Economics professor Ronald Mangani has warned authorities to tread carefully on foreign direct investments (FDIs), saying despite being the preferred mode of investment, some of them fuel illicit financial flows.
In his presentation during the Reserve Bank of Malawi’s (RBM) Monetary Policy Conference in Lilongwe on Thursday, he argued that by promoting FDIs without adequate regard for the risks associated with it, the country is not only stifling domestic investment, but also losing out on revenue.
Mangani observed that a combination of both domestic and FDI is what the country needs because the arrangement will ensure knowledge transfer in the process.
In his presentation titled ‘Towards more resilient economies: The role of momentary and exchange rate policy’, the former Secretary to the Treasury faulted the country’s current monetary policy, saying it labels domestic capital as bad money, calling it excess liquidity.
He said: “Our preference of FDI is so in spite of the fact there are worsening illicit financial flows, which are illegal movements of money or capital from one country to another that are illegally earned, transferred.
“Illicit financial inflows are heightened by foreign direct investment and if we open up the extractive sector more, you will expect these to be more.”
Lately, there has been increasing evidence that African economies are leaking buckets of illicit financial flows mostly perpetrated by multinational corporations.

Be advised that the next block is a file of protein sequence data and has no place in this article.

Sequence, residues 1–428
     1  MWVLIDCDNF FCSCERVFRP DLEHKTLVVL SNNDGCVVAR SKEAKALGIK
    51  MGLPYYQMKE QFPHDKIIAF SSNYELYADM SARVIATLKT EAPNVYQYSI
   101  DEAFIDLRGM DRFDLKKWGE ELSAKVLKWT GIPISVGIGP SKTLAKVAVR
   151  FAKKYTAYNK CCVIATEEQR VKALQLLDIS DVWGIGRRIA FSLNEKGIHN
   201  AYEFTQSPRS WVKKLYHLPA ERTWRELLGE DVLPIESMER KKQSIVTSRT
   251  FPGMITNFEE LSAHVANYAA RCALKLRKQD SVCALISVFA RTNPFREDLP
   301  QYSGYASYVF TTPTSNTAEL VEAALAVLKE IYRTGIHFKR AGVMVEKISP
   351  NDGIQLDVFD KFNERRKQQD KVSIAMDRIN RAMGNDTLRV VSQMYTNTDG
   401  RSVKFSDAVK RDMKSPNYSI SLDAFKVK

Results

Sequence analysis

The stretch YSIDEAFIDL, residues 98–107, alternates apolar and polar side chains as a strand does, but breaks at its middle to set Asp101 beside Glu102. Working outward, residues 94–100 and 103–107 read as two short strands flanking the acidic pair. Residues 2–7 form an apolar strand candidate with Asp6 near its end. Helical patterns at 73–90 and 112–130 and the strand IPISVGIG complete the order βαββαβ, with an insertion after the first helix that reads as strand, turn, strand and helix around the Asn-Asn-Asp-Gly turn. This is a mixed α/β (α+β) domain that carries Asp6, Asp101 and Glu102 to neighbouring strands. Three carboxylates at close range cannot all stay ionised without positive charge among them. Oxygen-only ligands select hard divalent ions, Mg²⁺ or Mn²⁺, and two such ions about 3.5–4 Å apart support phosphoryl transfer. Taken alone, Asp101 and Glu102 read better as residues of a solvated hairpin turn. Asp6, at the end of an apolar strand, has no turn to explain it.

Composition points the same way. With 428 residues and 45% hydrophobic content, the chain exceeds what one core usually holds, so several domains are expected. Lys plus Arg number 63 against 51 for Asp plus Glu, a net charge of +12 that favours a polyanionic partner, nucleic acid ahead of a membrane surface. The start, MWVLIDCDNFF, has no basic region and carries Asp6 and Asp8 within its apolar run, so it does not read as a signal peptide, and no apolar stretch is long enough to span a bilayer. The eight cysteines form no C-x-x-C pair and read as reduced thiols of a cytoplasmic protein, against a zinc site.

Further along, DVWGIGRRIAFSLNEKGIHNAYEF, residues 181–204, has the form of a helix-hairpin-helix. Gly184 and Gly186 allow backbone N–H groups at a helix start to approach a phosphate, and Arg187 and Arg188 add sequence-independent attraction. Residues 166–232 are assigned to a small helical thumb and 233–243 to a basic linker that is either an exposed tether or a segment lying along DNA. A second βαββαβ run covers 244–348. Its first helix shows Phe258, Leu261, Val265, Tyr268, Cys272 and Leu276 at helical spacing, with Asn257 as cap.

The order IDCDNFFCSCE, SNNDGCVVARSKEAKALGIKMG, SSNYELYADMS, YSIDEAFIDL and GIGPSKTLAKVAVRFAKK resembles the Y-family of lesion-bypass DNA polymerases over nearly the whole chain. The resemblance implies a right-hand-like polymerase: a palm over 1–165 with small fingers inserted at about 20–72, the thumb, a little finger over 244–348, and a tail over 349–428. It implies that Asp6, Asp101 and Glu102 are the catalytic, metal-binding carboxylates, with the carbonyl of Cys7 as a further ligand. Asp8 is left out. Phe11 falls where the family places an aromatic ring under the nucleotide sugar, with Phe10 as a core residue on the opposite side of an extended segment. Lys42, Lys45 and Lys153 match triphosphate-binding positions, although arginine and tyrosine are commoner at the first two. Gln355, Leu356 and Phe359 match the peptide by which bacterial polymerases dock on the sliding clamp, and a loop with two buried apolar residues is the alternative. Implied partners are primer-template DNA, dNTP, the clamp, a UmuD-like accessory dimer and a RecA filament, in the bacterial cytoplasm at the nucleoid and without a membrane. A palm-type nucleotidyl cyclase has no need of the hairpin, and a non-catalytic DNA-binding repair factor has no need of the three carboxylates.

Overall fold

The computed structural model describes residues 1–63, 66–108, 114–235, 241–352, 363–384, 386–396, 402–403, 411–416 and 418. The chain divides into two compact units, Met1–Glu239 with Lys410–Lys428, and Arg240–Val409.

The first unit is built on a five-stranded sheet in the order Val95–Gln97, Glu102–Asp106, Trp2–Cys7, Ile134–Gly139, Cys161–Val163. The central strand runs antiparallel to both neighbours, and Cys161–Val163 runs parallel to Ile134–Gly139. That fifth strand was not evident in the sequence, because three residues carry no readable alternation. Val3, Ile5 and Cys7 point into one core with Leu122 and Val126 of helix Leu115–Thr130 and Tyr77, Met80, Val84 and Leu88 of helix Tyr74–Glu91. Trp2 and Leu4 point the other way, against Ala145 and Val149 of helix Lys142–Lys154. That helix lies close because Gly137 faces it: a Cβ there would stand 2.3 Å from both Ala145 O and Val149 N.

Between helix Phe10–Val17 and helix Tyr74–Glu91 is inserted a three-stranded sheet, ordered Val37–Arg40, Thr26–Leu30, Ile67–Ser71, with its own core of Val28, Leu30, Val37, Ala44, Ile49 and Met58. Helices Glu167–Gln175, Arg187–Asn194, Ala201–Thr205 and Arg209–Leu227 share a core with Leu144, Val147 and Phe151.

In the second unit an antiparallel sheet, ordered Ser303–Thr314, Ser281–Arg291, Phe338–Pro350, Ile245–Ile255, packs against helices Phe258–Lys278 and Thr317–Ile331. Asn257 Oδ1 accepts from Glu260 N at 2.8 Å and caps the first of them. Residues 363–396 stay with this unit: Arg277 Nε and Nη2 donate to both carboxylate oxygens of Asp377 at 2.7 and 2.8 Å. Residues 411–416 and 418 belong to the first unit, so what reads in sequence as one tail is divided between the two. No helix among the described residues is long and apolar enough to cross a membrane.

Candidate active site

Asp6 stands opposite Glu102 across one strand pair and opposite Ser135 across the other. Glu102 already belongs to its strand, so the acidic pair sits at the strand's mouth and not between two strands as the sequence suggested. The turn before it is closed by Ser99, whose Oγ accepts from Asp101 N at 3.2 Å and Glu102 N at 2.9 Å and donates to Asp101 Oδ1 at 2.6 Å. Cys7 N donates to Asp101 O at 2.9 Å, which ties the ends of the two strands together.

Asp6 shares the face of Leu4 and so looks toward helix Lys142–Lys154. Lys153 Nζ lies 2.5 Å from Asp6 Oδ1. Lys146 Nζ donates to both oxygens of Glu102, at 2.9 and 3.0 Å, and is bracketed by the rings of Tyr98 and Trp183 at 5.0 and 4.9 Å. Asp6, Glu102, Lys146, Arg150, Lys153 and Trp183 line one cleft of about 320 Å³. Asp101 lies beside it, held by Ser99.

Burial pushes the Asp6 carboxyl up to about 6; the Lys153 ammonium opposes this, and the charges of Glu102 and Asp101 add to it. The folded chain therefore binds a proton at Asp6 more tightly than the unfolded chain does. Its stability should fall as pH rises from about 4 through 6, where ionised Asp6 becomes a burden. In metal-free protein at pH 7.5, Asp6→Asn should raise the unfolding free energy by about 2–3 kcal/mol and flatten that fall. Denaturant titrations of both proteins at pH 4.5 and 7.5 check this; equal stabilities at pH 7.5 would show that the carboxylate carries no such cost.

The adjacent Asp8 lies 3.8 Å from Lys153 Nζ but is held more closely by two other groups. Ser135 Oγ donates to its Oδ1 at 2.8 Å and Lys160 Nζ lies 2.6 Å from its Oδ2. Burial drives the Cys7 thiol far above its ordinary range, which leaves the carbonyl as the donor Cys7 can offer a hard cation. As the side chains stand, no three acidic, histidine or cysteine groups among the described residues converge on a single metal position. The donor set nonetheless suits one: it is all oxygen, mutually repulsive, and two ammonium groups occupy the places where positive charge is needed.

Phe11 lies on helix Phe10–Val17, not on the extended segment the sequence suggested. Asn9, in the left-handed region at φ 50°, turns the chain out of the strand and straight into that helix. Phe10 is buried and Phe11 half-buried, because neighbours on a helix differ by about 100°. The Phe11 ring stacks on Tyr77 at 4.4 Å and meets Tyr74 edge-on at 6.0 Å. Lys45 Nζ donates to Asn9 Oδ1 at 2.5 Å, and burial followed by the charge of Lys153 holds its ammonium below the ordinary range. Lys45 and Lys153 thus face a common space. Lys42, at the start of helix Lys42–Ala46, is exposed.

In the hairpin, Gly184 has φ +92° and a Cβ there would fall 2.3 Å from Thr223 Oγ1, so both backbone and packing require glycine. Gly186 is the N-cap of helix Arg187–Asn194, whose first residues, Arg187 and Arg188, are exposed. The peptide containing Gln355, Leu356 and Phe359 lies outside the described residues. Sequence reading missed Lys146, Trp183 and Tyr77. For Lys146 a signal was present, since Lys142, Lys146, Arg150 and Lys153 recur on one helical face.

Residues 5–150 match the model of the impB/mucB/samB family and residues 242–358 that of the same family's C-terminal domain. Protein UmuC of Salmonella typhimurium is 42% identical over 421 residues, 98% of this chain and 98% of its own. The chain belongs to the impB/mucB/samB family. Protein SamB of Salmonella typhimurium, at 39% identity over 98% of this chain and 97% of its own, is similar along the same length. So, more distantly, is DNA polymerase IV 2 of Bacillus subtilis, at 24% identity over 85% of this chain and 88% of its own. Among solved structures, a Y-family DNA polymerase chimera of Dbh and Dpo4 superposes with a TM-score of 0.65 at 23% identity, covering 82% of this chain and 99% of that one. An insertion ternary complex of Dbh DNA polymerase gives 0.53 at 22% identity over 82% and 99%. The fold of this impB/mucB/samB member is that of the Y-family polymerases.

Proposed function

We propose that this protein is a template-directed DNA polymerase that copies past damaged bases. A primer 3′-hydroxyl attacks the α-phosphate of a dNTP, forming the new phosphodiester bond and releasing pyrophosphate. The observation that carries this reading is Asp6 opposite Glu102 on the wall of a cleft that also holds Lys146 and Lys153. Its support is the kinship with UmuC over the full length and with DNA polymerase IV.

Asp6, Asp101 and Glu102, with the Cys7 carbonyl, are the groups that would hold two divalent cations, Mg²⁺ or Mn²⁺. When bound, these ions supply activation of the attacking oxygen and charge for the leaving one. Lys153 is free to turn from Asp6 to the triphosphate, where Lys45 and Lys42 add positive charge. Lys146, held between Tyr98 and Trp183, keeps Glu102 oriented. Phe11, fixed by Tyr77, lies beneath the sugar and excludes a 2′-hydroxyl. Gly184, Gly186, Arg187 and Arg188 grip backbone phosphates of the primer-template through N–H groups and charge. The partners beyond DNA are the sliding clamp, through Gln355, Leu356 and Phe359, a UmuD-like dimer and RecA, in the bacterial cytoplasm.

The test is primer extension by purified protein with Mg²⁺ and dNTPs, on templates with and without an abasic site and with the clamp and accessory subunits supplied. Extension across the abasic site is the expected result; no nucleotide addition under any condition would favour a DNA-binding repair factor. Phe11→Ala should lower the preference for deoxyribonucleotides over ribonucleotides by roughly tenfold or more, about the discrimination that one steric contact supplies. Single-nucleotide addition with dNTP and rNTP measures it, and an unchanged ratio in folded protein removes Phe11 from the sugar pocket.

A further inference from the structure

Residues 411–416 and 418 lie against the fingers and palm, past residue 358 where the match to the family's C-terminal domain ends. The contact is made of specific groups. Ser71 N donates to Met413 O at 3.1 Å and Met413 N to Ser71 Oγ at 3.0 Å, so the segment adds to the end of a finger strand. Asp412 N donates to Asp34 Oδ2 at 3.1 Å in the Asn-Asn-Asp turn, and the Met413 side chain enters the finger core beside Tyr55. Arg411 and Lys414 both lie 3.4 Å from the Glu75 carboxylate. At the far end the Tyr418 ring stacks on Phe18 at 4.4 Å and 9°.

According to Mangani, high illiciti financial flows lead to tax base erosion, low domestic revenues and high government borrowing.
He said by eroding investment capital, illicit financial flows also dampen growth and lead to low taxes and high government borrowing.
Meanwhile, United Nations conference on Trade and Development data shows that Africa is losing $88.6 billion through illicit financial flows annually.
Other indications are that Africa’s loss through illicit financia flows is generally higher than official development assistance and official aid.
In his remarks, economist and former RBM governor Elias Ngalande, who was a panellist during Mangani’s presentation, said the country should institute proper systems to balance and make the most of FDIs.
He said: “We must understand that as we allow more FDIs to come in, it will come with a lot of those illicit flows, perhaps worsening the situation we are in; hence, we must have systems for dealing with it.
“Some of the things that happen in this country pass under our nose. We must indeed look at such things to ensure that we deal with downside risks that come along with this.”
Minister of Trade and Industry Mark Katsonga Phiri is on record as having said that government is committed to reducing IFFs.
He said suggestions to curb IFFs will always form policy directions that will help government curb the malpractice
The 2021 IFFsVulnerability Tracker by the Tax Justice Network estimates that Malawi loses $60 million (about K62 billion) every year to global tax abuse.
The amount is approximately 4.9 percent of tax revenue, which is higher than the regional average tax revenue loss of 4.3 percent and the global average revenue loss of 2.9 percent.
The tracker also shows that $56 million is lost due to tax abuse committed by multinational corporations, hence the much hyped FDIs.